Visit the Olympieion : tickets, rates and opening hours


Come visit the Olympieion in Athens, home of none less than one of the seven wonders of the world! Right next to the Acropolis of Athens, come and discover this historical jewel

The Olympieon is a temple dedicated to the god of all gods, Zeus. It is also called the Olympian temple of Zeus. It first had a Doric design and then became Corinthian when the project was restarted by the roman Emperor Hadrian. He decided to finance the whole project after he came to visit Athens. To honor this gesture, the Greeks also created an arch to symbolize his visit of the Olympieion, the Arch of Hadrian, and also built a huge statue of him within the Olympieion. Although the first constructions started in 600 BC, the temple was only completed six hundred years after. At its heart used to be one of the most beautiful sculptures ever made : the statue of Zeus on his throne, made out of gold and ivory.

It was filled with other intricate and majestic statues that gave a very luxurious aspect in order to honor the deity. It was the largest monument in the city at the time. Even though today it is not as majestic as it used to be, and is far from the state of conversation that you might experience in the Valley of Temples in Agrigento for example, visit the Olympieion to get a sense of true history ; of giving importance to what is invisible now but used to be something amazing.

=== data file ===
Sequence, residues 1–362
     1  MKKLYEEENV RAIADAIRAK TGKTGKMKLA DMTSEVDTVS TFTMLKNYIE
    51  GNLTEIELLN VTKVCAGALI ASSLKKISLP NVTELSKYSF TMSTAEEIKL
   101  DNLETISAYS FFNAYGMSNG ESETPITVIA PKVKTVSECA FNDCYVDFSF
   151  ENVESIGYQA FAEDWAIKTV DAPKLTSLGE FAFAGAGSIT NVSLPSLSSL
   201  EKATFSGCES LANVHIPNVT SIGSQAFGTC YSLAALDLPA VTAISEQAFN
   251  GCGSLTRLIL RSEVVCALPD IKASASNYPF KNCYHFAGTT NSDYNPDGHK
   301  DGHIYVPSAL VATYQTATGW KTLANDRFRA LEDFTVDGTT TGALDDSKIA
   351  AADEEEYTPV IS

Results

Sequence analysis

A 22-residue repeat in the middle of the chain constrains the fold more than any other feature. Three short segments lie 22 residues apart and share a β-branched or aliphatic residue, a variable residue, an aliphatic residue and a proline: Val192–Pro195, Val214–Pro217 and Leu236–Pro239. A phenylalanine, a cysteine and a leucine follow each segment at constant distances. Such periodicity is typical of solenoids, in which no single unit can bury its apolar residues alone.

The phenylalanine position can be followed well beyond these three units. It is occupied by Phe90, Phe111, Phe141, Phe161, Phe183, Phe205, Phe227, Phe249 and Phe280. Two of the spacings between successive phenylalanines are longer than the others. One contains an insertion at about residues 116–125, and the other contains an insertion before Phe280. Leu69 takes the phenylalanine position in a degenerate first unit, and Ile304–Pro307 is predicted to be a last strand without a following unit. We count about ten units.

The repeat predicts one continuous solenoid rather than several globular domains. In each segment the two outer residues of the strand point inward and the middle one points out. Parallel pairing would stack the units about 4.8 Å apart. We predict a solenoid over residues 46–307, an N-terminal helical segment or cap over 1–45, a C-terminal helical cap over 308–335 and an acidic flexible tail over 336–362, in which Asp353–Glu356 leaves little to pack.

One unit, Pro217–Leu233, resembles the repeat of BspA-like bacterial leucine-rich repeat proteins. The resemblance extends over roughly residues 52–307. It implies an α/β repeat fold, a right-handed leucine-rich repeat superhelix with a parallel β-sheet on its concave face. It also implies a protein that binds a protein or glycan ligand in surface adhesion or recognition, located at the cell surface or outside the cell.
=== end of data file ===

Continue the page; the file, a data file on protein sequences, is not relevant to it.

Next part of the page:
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Historical background

Visit the Olympieion, Athens

Photo credit : Georgios Tsichlis /

There are different reasons why construction took so long. The first construction started in 600 BC by the family of Pisistratos, and had a Doric austere style. Not long after the construction started, there were protests and it had to be stopped as the building was considered a symbol of tyranny in the new born democracy. Aristotle himself cited the temple as an example of how tyrannies engaged the populace in humongous works to subdue them ; like for the Great Pyramids in Cairo. Leaving the population no time, energy or means to rebel, the project seemed like too arrogant and disrespectful to the gods and was set aside. The project was eventually restarted in the 3rd century BC, during the period of Macedonian occupation of Greece : the architect Cossutius was hired to design, but when Antiochus, the king who had hired him, died in 164 BC the work was delayed again.